Fixing slow and pausing USB input with the 10.6.3 update

Some problems people are having input problems after installing OS X 10.6.3, where keyboards and mice will behave slowly or sometimes pause for 10 to 15 seconds.

One of the improvements that Apple included in the 10.6.3 update is compatibility with USB input devices. While this may have fixed some problems people were having with third-party mice and keyboards, it seems to have caused problems for other people where device input will periodically pause for about 10 seconds to 15 seconds.

Apple discussion user "Melissa" writes:

"The system still accepts keyboard input (albeit slowly) when the mouse is frozen. The mouse unfreezes after a while (on the order of 30 seconds). The freezing/unfreezing behavior seems to be uncorrelated with my actions. To date, I have had freezing while using Igor Pro, MS Word and Safari, so the problem is not confined to one application."

This problem seems to happen with many Mac models and across applications, indicating the problem is with the software drivers rather than individual applications or hardware.

To troubleshoot this problem, try booting into Safe Mode to see if it the problem continues. Safe Mode stops third-party extensions from loading, so if there is a conflict between Apple's drivers and anything else installed, you should see the problem go away. Additionally, try creating and logging into a new user account. This will help you find out if user settings for drivers are a contributing factor.

If the pauses and slow input still persist, try some of the following fixes:

  1. Reset PRAM

    The first thing you should try if you are experiencing input issues is to reset the system's PRAM. The PRAM holds a number of input-related settings that may be conflicting with driver settings and contributing to the problems. To reset the PRAM, reboot the system while holding the Option-Command-P-R keys all at once, and keep them pressed while the system cycles through a couple of resets. Then release them and allow the system to boot normally.

  2. Reinstall or update third-party mouse drivers

    If you have a third-party mouse driver installed, remove it and then reinstall it. You may consider waiting for a driver update as well, since there may be incompatibilities with the USB changes that Apple implemented in 10.6.3 update. Check with the driver developer for information on incompatibilities.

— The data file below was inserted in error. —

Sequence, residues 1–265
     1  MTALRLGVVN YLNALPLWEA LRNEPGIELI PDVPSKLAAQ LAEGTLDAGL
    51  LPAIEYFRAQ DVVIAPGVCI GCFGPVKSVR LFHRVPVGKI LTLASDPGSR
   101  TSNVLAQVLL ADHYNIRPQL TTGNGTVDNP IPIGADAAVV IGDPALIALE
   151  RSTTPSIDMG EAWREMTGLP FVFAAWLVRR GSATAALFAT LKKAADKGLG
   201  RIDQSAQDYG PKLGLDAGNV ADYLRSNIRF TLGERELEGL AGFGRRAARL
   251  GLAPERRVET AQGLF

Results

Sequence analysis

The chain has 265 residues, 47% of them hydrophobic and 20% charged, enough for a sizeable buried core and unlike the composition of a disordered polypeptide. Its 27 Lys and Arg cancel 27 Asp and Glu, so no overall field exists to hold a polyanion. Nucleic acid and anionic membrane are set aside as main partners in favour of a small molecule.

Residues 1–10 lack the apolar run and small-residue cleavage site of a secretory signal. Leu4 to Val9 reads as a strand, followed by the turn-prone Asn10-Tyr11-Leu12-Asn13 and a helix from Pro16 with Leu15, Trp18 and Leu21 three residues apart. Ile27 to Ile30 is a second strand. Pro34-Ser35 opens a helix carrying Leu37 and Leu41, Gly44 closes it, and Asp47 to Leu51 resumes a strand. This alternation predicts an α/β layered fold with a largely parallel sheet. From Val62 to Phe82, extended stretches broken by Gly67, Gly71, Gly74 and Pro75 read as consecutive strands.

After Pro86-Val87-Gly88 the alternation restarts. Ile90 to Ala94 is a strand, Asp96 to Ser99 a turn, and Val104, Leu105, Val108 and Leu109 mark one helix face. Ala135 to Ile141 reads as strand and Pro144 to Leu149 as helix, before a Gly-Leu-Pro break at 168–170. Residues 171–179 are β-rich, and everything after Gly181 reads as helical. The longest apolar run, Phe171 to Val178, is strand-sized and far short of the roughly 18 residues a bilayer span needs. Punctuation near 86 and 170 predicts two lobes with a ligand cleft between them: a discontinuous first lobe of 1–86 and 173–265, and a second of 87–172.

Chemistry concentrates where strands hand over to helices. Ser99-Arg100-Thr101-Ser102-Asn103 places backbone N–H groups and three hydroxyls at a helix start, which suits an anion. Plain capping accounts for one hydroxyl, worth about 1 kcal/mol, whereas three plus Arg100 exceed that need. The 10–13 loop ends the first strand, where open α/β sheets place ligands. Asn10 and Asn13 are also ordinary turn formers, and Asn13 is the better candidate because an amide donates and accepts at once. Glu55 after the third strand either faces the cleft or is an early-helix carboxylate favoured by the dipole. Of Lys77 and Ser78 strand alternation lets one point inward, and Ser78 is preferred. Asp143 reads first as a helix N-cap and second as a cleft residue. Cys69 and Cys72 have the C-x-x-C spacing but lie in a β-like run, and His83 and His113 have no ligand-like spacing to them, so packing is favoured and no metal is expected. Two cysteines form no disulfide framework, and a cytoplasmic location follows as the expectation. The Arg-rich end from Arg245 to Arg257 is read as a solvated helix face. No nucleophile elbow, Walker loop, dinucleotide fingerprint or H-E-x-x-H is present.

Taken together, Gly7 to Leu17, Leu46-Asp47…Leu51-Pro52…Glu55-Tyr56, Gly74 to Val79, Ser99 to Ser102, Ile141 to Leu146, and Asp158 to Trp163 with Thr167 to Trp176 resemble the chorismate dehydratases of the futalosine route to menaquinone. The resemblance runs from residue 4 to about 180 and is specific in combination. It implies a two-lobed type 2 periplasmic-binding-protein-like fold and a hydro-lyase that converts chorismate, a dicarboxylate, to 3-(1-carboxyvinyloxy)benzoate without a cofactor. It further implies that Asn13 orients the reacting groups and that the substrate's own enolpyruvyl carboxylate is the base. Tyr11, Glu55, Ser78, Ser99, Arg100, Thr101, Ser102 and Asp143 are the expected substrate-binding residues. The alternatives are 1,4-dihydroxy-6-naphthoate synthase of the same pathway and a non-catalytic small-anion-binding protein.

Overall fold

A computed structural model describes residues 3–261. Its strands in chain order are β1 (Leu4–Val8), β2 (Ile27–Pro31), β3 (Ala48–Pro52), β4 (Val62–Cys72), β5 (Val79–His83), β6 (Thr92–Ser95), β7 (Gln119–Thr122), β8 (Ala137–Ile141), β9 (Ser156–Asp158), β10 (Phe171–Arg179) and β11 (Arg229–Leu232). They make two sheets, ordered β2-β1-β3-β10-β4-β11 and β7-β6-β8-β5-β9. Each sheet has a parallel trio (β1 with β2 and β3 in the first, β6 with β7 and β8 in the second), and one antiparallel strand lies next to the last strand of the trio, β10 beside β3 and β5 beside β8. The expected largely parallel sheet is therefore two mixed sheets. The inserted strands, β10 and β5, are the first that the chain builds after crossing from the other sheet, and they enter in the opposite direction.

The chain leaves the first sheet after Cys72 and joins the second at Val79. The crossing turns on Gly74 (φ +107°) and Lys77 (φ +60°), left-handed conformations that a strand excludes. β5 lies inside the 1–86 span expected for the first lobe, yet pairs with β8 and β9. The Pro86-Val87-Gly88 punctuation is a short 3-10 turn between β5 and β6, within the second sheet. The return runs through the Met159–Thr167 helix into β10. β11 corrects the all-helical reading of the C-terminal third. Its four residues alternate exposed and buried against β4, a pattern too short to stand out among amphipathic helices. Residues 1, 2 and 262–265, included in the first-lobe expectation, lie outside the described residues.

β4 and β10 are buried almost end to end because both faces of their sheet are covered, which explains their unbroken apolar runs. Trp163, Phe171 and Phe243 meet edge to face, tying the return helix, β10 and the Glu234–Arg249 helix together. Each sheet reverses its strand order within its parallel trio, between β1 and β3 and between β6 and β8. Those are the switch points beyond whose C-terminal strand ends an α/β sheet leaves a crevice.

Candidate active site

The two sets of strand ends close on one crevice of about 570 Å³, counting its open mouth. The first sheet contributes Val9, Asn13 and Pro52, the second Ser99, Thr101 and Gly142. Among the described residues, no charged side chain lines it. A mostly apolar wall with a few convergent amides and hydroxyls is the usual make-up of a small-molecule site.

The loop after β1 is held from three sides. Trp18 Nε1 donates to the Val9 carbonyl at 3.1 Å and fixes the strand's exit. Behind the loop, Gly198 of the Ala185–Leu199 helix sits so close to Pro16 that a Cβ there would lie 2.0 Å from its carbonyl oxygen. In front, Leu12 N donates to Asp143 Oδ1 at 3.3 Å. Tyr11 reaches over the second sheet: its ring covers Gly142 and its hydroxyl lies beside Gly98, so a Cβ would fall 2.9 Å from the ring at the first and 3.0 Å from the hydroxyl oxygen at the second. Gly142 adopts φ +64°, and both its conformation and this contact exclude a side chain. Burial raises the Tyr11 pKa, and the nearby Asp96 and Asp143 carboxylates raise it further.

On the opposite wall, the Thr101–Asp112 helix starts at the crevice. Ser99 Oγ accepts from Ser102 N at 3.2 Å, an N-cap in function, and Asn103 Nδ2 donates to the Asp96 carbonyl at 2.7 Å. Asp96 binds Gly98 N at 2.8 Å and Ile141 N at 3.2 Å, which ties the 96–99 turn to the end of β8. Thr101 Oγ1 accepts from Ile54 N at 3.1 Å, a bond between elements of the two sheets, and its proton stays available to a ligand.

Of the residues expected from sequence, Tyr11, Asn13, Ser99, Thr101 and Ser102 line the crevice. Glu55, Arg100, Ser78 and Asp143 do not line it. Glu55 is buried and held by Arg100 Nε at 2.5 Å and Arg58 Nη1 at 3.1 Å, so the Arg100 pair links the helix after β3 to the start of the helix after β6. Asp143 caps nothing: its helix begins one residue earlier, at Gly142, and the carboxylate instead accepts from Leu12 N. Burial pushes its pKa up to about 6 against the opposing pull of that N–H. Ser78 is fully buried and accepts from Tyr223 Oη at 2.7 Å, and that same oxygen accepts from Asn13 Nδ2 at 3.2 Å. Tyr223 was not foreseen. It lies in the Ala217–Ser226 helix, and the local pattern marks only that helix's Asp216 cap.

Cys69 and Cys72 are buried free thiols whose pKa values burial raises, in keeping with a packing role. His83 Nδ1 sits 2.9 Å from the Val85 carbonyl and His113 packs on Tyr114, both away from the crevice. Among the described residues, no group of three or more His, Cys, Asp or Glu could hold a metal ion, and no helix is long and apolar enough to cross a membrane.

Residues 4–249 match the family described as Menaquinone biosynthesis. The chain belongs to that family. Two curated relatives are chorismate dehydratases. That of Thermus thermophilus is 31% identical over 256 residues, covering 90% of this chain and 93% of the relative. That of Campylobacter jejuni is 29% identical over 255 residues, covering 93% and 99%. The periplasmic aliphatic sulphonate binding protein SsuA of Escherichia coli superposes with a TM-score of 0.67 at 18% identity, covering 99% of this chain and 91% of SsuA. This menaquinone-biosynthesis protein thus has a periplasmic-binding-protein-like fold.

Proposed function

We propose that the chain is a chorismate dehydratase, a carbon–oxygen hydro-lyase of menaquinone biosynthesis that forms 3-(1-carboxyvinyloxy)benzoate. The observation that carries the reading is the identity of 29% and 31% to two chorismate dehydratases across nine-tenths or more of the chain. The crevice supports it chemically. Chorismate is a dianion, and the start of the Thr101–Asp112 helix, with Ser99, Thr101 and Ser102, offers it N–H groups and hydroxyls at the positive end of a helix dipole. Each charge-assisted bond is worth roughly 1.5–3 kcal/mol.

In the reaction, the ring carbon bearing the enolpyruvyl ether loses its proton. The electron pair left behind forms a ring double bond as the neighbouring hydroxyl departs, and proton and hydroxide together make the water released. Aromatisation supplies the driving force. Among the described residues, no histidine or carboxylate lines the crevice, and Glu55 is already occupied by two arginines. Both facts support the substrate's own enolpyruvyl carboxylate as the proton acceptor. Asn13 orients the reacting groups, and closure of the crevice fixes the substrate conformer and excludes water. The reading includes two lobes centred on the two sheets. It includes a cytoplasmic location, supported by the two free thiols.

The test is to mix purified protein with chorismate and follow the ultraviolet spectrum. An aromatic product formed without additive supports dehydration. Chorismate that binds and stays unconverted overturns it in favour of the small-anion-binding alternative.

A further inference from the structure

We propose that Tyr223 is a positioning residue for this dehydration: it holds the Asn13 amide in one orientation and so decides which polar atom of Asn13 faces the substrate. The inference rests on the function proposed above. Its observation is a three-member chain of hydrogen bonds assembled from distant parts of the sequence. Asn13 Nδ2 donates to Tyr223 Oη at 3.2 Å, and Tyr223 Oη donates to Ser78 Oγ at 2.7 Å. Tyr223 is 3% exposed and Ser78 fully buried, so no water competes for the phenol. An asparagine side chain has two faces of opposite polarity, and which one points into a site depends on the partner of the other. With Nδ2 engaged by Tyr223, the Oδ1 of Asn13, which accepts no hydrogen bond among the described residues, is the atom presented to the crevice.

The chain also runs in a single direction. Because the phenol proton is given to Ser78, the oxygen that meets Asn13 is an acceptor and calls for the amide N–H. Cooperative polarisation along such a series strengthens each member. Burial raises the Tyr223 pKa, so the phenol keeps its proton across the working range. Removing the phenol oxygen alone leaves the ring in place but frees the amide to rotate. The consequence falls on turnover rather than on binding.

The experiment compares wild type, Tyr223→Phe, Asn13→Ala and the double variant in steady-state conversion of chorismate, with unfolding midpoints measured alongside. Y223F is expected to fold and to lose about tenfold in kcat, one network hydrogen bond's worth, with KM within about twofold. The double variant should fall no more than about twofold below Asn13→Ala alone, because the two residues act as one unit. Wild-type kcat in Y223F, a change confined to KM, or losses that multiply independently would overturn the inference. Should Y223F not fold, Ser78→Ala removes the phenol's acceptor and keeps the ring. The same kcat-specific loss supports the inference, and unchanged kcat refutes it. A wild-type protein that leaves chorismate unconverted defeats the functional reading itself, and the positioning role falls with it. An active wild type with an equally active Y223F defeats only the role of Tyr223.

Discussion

3. Use alternate drivers

    There are several universal driver options out there for USB and Bluetooth devices. One of these is USBOverdrive, which I have used regularly and recommend. Another popular option is Steermouse.

  4. Use Apple's generic drivers

    The last option is to uninstall any third-party drivers you have and run your mice and keyboards using Apple's built-in drivers. This may not be the most desired option, but should work while developers work on compatibility fixes.

  5. Remove global account preferences

    The global preference file is a hidden file that includes trackpad, mouse, and keyboard settings along with other items such as text substitution settings, recent items, and language settings. Remove this file by entering the following in the Terminal, which will move this file to the Desktop and rename it to be visible in the Finder:

    mv ~/Library/Preferences/.GlobalPreferences.plist ~/Desktop/GlobalPreferences.plist

    After this is done, log out and back in. Then, check the system preferences for various mouse and keyboard settings and test the input behavior. If the pauses are cleared up, then go about resetting time zones, and other settings for your account: text substitution settings, recent items, languages, system fonts and sizes, text aliasing thresholds, and scroll bar behavior.

    If removing and replacing the file does not work, then you can replace it by running the following command:

    mv -f ~/Desktop/GlobalPreferences.plist ~/Library/Preferences/.GlobalPreferences.plist



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About the author

    Topher, an avid Mac user for the past 15 years, has been a contributing author to MacFixIt since the spring of 2008. One of his passions is troubleshooting Mac problems and making the best use of Macs and Apple hardware at home and in the workplace.

     

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